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FTX creditors include NYT, WSJ, Meta and Binance as Justice probes SBF's $400 million Modulo deal

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(Kitco News) - FTX is making waves again, as the bankrupt crypto exchange released the complete list of its creditors late yesterday, and the government investigates the firm’s massive $400 million investment in an unknown startup right before its implosion.

On Jan. 25, lawyers for FTX filed the complete list of all creditors owed money by the crypto exchange with the United States Bankruptcy Court for the District of Delaware. The document is 115 pages long and lists every creditor, large and small, in alphabetical order. The list does not include the names of FTX’s 9,693,985 customers whose accounts were frozen, as the court ruled they could be kept confidential.

Not surprisingly, many of the biggest names in the cryptosphere were represented, such as Coinbase, Binance, Messari, BlockFi, Chainalysis and Galaxy Digital. There appears to be a fair amount of duplication in the records, however, as Binance Capital Management and Coinbase are each listed seven times.

Among the most notable names from the corporate world are financial services firms Ernst & Young and Deloitte, Wall Street’s Goldman Sachs, JP Morgan and Cantor Fitzgerald, and media mainstays The New York Times and The Wall Street Journal, both of which drew criticism for what was perceived as kid-gloves treatment in their coverage of FTX founder Sam Bankman-Fried as his empire unraveled.

Virtually all the tech giants were listed as creditors, including Google, Apple, Amazon, Meta, Microsoft and Twitter.

Government agencies included the Internal Revenue Service (IRS), Japan’s Financial Services Agency and the Financial Crimes Enforcement Network, a division of the United States Treasury Department tasked with combating “domestic and international money laundering, terrorist financing, and other financial crimes.”

Crypto lobbying organizations listed in the filing included the Crypto Council for Innovation and Blockchain Australia.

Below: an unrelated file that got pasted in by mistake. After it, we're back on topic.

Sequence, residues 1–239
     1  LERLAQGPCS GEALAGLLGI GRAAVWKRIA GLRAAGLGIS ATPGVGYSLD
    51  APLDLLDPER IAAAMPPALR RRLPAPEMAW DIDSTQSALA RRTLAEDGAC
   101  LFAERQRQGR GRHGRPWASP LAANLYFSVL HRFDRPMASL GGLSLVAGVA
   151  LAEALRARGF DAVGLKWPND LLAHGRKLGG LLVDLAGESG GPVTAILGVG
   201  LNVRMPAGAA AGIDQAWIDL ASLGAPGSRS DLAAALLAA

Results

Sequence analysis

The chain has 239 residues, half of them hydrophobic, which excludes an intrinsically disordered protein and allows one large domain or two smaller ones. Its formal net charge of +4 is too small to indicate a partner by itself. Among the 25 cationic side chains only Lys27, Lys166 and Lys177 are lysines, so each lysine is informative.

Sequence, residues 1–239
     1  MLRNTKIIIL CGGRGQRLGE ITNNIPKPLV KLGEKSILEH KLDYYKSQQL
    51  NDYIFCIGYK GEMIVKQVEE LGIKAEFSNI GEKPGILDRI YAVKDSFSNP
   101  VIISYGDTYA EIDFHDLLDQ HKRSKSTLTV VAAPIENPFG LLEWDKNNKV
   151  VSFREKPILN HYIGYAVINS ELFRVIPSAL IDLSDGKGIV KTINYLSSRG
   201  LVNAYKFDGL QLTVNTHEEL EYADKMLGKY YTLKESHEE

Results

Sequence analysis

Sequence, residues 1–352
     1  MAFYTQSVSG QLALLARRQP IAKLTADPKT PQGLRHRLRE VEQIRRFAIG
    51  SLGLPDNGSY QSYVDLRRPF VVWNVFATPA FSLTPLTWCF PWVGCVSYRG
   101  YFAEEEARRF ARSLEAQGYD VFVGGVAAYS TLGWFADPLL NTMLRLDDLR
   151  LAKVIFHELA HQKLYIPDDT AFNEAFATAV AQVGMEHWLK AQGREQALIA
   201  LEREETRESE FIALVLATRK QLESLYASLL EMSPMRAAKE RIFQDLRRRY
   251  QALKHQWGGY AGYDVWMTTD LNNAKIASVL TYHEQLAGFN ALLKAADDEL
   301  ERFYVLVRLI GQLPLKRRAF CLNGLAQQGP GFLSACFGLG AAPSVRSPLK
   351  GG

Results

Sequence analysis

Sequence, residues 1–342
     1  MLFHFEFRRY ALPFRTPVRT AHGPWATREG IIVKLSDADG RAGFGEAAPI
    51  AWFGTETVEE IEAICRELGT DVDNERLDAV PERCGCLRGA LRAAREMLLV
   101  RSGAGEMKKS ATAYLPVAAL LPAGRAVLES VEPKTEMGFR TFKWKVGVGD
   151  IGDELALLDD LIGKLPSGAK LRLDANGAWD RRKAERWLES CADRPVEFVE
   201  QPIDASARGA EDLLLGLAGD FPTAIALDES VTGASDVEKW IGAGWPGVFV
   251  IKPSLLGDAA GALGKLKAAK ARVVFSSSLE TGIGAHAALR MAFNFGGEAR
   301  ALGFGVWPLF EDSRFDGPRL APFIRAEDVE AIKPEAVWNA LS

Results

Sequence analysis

The filing did not list the amount each creditor is owed or the nature of the business relationship between them and FTX.

Meanwhile, the New York Times reported that the U.S. Justice department and FTX’s new management are focusing on a series of massive transfers of funds made by the exchange to an upstart venture capital firm with personal ties to Bankman-Fried.

According to the report, right before the collapse of FTX and sister hedge fund Alameda Research in November, SBF appeared to do a little hedging of his own, sending $400 million to a brand-new crypto company called Modulo Capital.

The Modulo Capital story echoes themes that run through all of Bankman-Fried’s business dealings, where personal relationships result in very senior roles for relatively inexperienced people.

As Alameda was being run into the ground by SBF’s former romantic partner and Jane Street colleague Caroline Ellison, Modulo was formed in March of 2022 by former Jane Street colleagues Duncan Rheingans-Yoo, who had graduated from university just two years prior, and Xiaoyun (Lily) Zhang, who multiple sources claim had also been romantically involved with Bankman-Fried.

The new firm was also created and run out of the Albany residential compound that housed FTX and Alameda, along with SBF and Ellison. Zhang and Rheingans-Yoo were Modulo’s only directors, according to its Bahamian incorporation papers, and Zhang and Bankman-Fried remained friends and would “sometimes travel together on charter flights to New York from the Bahamas.”

The report noted that the Modulo investment was a point of contention among SBF’s inner circle, with Ellison expressing “reservations” about the arrangement.

Bankman-Fried’s decision to invest $400 million, one of his single largest investments, in a start-up firm as Alameda was tanking “raised suspicions for investigators,” and they suspect the funds came from customer accounts.

Neither Rheingans-Yoo or Zhang have been accused of wrongdoing at this time, but they have hired Aitan Goelman, a criminal defense lawyer and former director of enforcement for the Commodity Futures Trading Commission.

FTX’s lawyers have also highlighted the $400 million transfer to Modulo as “one of its prime targets for reclaiming money,” and it featured in a slide presentation filed with the Delaware court last week.

According to the presentation, Modulo “received funds in installments in the third and fourth quarters of last year,” with approximately $300 million transferred just before FTX and Alameda went bankrupt.

“Focusing on large, questionable transactions to a fund, company or a person with close connections to the debtor before the bankruptcy filing is basically the low-hanging fruit in a bankruptcy case,” said University of Georgia School of Law professor Lindsey Simon in the report.

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